The American Prairie Reserve, a non-profit land trust based in Bozeman, Montana, recently purchased a sizable plot of land (150,000 acres) adjacent to the C.M. Russell National Wildlife Refuge. South Ranch, the purchased land, was originally set up as a cattle ranch and is located 60 miles south of the Canadian border.
In purchasing the ranch, the American Prairie Reserve has taken one step towards their main goal of creating a wildlife preserve larger than the state of Connecticut. Their goal involves acquiring more land, pulling down the fences that once contained cattle, and allowing the area to return to the natural ecosystem that once existed in that part of the U.S. This means bison, pronghorn antelope, prairie dogs, and their natural predators free flowing through an uninhabited area of prairie land.
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The bald eagle has been the national emblem of the United States since 1782, when it was adopted as a symbol of freedom and its imagery was incorporated into the Great Seal. Its symbolic status helped people rally around it when it faced extinction in the mid twentieth century due to human encroachment and the pesticide DDT. In recent years, the bald eagle population has recovered, and it was taken off the endangered species list in 2007.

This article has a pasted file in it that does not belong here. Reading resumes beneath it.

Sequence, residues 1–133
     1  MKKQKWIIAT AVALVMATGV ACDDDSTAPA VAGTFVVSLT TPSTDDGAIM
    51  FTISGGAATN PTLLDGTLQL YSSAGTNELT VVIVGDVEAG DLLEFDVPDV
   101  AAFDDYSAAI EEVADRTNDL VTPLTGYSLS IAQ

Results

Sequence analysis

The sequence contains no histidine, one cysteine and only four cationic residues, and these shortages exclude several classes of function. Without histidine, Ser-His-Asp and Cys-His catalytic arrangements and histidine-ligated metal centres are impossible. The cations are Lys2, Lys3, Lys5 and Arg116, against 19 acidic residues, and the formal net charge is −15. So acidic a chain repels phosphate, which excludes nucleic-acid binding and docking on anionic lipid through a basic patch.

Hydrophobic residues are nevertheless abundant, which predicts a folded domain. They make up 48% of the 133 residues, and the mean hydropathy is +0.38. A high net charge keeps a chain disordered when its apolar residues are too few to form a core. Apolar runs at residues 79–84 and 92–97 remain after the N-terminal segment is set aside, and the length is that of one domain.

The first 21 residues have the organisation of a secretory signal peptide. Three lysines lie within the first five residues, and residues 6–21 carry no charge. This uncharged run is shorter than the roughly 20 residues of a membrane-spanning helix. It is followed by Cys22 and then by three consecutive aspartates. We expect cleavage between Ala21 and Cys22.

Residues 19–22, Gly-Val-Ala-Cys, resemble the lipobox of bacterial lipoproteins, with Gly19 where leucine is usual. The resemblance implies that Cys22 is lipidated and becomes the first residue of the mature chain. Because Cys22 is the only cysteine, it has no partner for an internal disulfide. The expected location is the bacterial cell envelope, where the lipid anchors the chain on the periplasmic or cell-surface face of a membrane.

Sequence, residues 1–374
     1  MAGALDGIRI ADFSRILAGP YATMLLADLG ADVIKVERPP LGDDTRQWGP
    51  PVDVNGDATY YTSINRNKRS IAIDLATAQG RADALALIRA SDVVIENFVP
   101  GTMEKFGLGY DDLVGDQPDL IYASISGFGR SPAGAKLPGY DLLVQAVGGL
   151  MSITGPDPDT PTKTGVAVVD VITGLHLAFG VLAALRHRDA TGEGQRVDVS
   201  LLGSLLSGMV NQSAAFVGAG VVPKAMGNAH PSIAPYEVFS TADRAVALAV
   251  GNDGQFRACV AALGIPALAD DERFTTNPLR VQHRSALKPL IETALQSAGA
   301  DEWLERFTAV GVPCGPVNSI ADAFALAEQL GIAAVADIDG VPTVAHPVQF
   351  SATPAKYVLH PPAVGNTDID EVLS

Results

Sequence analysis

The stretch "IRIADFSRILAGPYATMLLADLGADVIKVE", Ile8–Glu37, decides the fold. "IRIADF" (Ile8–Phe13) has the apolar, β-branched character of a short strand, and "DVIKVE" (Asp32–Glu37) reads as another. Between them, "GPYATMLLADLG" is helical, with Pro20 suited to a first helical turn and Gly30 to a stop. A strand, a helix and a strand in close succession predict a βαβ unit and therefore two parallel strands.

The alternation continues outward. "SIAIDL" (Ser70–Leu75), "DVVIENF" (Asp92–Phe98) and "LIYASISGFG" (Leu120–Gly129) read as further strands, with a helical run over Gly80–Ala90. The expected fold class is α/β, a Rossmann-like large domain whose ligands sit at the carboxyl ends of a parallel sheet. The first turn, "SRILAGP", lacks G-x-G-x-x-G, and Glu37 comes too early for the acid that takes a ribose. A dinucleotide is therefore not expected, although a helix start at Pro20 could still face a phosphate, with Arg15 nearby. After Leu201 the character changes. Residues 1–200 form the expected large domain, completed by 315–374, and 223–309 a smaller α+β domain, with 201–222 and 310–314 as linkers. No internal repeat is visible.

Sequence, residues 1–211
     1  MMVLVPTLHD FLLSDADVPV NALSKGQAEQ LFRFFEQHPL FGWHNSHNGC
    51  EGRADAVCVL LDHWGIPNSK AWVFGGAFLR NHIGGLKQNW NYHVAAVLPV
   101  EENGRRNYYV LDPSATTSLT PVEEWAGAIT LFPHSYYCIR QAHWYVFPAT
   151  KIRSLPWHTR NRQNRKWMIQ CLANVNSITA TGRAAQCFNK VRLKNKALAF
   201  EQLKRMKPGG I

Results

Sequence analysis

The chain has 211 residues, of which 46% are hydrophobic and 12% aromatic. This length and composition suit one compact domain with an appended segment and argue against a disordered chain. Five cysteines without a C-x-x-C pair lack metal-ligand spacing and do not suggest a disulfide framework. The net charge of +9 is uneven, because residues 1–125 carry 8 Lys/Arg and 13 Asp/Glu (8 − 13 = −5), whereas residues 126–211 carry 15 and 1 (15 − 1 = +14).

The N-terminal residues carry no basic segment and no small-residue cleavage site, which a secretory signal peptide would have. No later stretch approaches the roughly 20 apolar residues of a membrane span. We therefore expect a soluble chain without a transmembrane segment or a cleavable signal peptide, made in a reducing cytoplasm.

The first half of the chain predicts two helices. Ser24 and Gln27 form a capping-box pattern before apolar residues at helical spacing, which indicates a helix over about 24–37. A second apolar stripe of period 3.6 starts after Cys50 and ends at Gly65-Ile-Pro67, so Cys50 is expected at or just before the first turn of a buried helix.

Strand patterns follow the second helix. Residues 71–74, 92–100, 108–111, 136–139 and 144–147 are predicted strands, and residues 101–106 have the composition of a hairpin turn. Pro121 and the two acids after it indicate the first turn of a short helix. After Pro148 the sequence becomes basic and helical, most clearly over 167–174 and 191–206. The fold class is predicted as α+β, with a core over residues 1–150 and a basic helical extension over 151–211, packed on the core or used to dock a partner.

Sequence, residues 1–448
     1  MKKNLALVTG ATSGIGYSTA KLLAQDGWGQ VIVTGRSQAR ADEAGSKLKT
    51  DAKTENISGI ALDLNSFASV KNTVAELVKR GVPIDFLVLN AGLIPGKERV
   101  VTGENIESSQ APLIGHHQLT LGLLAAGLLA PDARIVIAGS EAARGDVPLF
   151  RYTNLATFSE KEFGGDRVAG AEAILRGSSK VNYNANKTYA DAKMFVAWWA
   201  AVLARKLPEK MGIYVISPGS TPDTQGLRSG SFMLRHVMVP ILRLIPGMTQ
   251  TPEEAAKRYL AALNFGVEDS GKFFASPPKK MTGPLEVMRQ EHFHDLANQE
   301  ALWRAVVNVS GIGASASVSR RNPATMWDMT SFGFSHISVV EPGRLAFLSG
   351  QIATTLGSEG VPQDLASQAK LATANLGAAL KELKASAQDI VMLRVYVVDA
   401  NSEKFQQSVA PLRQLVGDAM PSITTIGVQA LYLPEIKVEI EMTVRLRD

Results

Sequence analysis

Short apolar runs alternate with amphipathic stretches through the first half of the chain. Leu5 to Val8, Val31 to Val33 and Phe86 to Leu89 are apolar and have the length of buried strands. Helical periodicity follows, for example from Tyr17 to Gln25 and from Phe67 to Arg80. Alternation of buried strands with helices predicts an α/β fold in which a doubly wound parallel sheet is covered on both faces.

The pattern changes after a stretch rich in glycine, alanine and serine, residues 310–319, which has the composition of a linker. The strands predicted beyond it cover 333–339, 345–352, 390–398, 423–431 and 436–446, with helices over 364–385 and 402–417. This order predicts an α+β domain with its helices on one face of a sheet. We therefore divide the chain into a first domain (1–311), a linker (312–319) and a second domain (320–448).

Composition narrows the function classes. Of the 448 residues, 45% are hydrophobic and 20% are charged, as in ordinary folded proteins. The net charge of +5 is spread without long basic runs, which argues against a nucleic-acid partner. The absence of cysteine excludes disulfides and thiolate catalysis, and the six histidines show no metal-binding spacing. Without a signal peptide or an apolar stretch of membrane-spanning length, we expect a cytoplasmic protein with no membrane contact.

Similar to the role of national bird, Senator Mike Enzi (R) of Wyoming and Senator Tim Johnson (D) of South Dakota introduced a bill that would recognize the bison as America’s national mammal. Vast herds of American bison once roamed from Canada to Mexico. From a population that numbered in the millions, American bison dwindled to near extinction by the 1880s, driven there by American settlers.
Today, bison populations have started to recover. There are about half a million bison living today. However most of the bison live in commercial herds and carry genes from cattle. Only a few thousand bison are pure descendants of the vast herds that dominated the Great Plains centuries ago.
To urge your senator to co-sponsor the National Bison Legacy Act, which will help preserve this great species and honor it for its significant role in American history, visit Vote Bison and sign the petition.
To learn more about bison, see Animal Fact Guide’s article, American Bison.
At a national conference held in Rapid City, South Dakota, the Wildlife Conservation Society released a survey regarding how people view the American bison. According to the results, most of the people surveyed value the herd animal as a national symbol. However, less than 10% of those surveyed understood the status of the bison population in North America today.
Before European settlers came to the New World, the American bison numbered at around 30 million, and their range stretched all the way from Alaska to Mexico. Today, only 16,000 bison freely roam in North America.
The Wildlife Conservation Society hopes to promote the restoration of bison populations by appealing to government agencies, conservation groups, and ranchers. Ecological restoration of the American bison would mean that large herds could roam freely within their historic range and interact with other native species.
For more information about the American bison, their conservation status, and what you can do to help the bison, view Animal Fact Guide’s American bison article.